Friday, May 13, 2011
Monday, July 27, 2009
|200||Coat of Plates||+6||5||5||5||x4|
|200||Bronze Plate Armor||+6||9||8||4||x3|
|800||Iron Plate Armor||+8||9||8||3||x4|
|1200||Steel Plate Armor||+8||9||8||2||x6|
Tuesday, July 14, 2009
We have been contemplating whether Resilience might be too powerful of a stat in our current system. It basically works like Damage Reduction in D&D. There is a minimum hit of 1 in our system when a hit makes contact, so for a Warrior who had +3 Res, almost every hit against him was only scoring a single point of damage.
Our new idea is to give the characters Endurance Points (EP) instead of Resilience.
They might work in the following way:
Endurance Points are spent by performing a physical action or by taking a blow. Usually 1 point each. EP can never drop below zero. At the beginning of every turn, you recover 1 EP automatically (unless a status effect is preventing this.) Therefore, you always have a minimum of 1 EP to work with in most cases when it is your turn to act.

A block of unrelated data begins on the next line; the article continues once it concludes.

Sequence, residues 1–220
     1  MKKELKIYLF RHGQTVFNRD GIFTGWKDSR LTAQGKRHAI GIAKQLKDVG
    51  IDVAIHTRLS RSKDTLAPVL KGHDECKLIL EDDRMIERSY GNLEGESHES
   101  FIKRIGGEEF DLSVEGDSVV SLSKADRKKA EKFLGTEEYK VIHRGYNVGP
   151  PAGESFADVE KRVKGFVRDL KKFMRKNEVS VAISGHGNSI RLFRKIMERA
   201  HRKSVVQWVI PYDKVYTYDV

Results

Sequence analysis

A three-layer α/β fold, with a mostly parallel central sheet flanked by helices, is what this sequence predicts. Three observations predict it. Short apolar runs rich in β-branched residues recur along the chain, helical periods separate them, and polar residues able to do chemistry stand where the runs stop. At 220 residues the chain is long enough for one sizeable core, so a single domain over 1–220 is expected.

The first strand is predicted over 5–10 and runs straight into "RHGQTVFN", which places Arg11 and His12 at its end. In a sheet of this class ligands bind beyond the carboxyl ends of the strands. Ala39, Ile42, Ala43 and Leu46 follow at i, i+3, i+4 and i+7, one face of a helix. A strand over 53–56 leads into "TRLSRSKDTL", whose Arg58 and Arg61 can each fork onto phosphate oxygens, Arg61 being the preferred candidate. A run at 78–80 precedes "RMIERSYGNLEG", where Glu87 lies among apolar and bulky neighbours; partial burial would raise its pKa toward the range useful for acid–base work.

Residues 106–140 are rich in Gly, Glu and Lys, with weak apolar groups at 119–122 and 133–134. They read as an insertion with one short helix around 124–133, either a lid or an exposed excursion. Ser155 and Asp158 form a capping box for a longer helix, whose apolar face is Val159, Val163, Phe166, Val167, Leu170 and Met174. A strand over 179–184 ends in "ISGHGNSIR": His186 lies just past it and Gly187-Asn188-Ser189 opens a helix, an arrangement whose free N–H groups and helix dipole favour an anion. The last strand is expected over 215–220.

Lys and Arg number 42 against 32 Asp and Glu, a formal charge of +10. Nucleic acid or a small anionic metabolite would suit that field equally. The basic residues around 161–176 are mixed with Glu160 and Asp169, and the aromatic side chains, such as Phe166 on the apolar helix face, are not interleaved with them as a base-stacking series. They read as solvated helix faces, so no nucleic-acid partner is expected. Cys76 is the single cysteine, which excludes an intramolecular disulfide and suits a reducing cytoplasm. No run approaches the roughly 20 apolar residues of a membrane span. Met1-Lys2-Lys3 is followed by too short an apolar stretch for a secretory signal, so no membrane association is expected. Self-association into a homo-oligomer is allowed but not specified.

If your EP is nonzero, it will absorb 1 damage point for you (after armor) when taking a blow (the way resilience used to, but limited to 1 point per hit.) So +2 Armor, and 3 EP, if I am hit for 5 points, the armor takes it down to 3 points, the EP absorbs 1 (and is reduced to 2EP), and I take two points actual damage. The cool thing about EP is that it wears down. If two or three enemies attack you in one round, by the time the third gets to you, your EP is gone so their hit is more effective.
Ok, that is too complex. It requires another set of counters to keep track of things--things that change rapidly--and we really don't want to keep track of more things.
Here's an attempt to simplify the concept and keep the same flavor:
After each action is complete you get your full endurance points back. Every blow you take during the next round reduces your EP by one. Whatever you have left-over when your turn comes around is usable for any action requiring a certain number of EP to perform.